I've heard angels do that - dance on the heads of pins - but I have no idea what it really means except as an analogy for wasting time debating stupid questions. But then I started thinking that angels don't occupy space and matter as we do (if you believe in their existence to begin with), so a kazillion angels could figuratively dance on a pinhead and I wouldn't know it unless I chose to see them. So there.
I love the final monologue from the play Marisol by Jose Rivera. In this play, the lead character Marisol (imagine that!) gets blown away with an Uzi by The Woman in Furs (think Bernie Madoff in drag) and, after she drops dead, Marisol is magically standing in front of the audience describing what death is like. She then reveals that now, since she is dead, she can see the war that the angels have waged against an old senile God. The descriptions are poetic beauty and move me to tears every time I speak the words.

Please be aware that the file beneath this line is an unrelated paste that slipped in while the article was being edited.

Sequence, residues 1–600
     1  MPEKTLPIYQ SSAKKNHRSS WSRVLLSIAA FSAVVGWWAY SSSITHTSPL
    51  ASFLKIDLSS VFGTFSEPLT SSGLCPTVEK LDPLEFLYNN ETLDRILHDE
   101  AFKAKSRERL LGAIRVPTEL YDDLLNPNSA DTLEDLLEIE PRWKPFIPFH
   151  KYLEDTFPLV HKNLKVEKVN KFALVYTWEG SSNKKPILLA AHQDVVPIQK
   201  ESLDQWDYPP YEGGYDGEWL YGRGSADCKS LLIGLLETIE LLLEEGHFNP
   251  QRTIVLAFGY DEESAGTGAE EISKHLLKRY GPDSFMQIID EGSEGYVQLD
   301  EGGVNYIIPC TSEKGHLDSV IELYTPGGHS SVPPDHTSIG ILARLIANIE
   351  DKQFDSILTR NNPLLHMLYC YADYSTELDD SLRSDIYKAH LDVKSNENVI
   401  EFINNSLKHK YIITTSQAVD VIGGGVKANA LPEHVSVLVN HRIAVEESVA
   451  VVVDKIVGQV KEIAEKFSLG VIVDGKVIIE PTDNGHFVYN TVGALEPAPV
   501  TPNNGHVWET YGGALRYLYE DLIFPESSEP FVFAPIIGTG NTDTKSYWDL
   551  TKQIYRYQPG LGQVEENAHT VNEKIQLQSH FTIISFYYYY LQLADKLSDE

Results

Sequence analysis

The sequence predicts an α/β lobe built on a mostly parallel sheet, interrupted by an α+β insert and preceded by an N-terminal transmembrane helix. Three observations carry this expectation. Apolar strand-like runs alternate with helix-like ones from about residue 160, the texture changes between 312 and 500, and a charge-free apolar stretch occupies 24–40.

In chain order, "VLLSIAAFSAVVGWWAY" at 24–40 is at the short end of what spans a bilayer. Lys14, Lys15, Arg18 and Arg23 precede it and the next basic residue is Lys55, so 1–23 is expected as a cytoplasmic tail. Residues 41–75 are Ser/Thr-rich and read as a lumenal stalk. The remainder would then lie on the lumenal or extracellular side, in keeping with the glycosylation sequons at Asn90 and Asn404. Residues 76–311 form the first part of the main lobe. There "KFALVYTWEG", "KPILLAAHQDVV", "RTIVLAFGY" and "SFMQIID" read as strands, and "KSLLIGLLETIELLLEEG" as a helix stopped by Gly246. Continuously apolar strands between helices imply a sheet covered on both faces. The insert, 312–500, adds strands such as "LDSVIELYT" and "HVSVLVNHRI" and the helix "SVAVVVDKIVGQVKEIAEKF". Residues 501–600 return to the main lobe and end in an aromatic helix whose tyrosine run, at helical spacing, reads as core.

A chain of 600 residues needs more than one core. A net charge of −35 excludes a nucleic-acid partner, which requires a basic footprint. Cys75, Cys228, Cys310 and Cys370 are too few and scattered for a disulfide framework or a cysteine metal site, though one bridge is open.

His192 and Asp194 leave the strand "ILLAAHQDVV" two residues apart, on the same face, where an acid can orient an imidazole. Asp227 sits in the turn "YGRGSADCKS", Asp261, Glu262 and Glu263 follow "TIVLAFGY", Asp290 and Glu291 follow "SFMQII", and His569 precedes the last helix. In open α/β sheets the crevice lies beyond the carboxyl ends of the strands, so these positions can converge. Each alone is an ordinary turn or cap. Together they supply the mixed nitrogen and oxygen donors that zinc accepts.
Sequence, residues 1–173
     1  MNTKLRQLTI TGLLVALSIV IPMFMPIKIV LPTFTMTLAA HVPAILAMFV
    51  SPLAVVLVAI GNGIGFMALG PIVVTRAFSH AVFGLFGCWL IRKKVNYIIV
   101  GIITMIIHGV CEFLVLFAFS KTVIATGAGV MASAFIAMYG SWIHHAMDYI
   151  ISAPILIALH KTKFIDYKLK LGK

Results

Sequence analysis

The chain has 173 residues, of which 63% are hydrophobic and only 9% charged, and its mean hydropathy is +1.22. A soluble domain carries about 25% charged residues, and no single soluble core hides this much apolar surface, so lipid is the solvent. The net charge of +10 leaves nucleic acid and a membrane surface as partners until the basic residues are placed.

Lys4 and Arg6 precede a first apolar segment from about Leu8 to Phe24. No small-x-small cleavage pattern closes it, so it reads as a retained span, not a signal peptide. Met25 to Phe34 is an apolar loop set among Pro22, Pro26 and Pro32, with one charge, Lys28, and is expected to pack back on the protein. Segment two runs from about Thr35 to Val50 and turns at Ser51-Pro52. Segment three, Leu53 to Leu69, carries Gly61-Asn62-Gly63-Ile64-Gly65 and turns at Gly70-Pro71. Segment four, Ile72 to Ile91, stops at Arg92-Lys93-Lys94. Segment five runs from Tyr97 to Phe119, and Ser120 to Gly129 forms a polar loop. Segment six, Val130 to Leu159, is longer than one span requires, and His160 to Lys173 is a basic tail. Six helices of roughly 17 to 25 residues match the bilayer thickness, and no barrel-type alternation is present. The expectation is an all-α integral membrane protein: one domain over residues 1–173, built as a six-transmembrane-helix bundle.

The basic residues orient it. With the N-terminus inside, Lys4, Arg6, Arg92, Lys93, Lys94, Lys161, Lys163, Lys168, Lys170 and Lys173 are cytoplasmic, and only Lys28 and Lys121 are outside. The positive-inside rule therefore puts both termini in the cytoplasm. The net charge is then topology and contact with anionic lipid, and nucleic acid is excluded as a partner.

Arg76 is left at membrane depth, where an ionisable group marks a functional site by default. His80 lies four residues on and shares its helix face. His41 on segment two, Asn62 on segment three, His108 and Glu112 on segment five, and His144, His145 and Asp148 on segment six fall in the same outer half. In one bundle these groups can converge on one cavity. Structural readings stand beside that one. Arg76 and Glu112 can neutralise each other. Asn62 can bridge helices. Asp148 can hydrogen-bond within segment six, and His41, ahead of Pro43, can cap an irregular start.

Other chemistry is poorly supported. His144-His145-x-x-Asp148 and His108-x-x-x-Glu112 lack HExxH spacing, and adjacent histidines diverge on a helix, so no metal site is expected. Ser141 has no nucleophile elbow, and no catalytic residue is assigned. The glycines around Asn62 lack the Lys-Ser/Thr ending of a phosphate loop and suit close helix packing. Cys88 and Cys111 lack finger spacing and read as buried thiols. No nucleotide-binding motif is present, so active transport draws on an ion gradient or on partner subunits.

My acting coach, Dr. Ruth Kulerman, is always going on and on about the words being the vehicle to ride into the world of performance from the world of preparation. This is British acting training and, I must admit, after a lifetime of training in the reverse (emotions to words), I struggle mightily at times with allowing the words to speak through their sound and rhythm and music first. I always jump to "how am I feeling?" and "what's my driving question?" and all that -- which are important things, don't get me wrong, but diving into all that is like eating the entire supermarket section of ice cream without paying attention to what flavor I'm shoveling into my mouth. Yeah, ice cream is delicious, but it's heavenly in individual flavors, not as a conglomerate of ice cream in and of itself.
In August, I will start posting a monthly monologue or scene video to share and I want to share Marisol with you. I think you'll have a better idea of what I'm talking about when you hear her words.
So how many angels dance on the head of my pin? As many as I damn well want, thank you very much!